Like Selmer, Bell or Rose Morris, Rosetti is one of the very well known British musical instrument distributors of the 20th Century. The company was formed by Arthur Rosetti in the 1920s, but in the period on which this site focuses, was run by Czech-Canadian Michael Hunka who had married into the family.
During this period, Rosetti sold entry-level guitars built by Egmond in the Netherlands. Some with their own Rosetti branding, others branded Egmond. These were hugely popular; many of the guitar icons of the 1960s and 70s, started out on these instruments; both Keith Richards and George Harrison got new Rosetti acoustics in 1958, with Paul McCartney buying a Solid 7 in 1960. Other guitars included the Lucky 7, Airstream, Bass 7 and Bass 8.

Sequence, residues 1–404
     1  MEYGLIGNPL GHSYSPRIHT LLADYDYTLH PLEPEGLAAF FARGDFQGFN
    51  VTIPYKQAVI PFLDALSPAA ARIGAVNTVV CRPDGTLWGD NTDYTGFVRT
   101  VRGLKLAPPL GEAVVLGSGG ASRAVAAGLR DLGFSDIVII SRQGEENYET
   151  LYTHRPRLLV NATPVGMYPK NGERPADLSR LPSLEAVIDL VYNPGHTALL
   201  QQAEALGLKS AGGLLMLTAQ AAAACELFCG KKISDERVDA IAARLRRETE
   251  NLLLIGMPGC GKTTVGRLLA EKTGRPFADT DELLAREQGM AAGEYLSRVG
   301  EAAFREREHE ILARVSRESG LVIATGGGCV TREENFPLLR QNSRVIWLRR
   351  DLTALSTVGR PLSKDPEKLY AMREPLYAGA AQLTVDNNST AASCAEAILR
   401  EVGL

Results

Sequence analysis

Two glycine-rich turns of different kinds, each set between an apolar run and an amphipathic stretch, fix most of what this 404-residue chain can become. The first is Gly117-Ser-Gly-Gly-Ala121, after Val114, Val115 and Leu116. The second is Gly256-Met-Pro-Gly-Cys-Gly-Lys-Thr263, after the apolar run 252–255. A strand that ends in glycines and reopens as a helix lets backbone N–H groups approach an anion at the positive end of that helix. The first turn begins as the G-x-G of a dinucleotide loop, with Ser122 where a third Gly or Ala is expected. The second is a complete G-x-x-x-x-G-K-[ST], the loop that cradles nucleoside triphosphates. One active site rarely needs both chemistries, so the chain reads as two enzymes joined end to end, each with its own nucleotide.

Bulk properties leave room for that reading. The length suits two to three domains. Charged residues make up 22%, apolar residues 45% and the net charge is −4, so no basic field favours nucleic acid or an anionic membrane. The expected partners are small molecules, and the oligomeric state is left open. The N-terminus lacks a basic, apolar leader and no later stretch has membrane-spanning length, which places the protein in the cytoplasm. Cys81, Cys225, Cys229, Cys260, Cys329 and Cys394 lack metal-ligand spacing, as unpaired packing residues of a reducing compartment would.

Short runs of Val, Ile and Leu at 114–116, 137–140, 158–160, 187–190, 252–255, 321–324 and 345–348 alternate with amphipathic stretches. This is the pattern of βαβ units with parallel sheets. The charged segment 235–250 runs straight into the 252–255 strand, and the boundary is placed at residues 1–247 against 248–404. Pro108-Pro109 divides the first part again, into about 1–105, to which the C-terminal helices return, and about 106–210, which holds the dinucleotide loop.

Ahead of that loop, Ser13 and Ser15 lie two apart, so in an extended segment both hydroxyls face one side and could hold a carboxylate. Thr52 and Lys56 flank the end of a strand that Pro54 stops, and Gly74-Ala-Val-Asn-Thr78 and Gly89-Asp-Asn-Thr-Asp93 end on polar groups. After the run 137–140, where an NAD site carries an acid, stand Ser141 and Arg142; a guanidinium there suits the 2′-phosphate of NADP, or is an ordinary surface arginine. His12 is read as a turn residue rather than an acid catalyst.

Rosetti also sold guitars by other UK manufacturers such as Fenton Weill. But during the 1960s Rosetti were also the main UK distributors for a number of important imported brands, most notably Epiphone from around 1963, and Hagstrom circa 1969.
In the late 1970s Hunka sold the business to EMI, and in mid 1981, they became, albeit briefly, the UK distributors of Gibson guitars, producing a number of catalogues (see the 1981 Gibson catalogue, right), and promoting the brand widely at trade shows - this relationship, however, ended when Norlin sold Gibson in January 1986.
In 1985 Rosetti sold to it's present owners, employees Doug Ellis and Barry Warner. Today it still distributes a number of top brands including Hagstrom.
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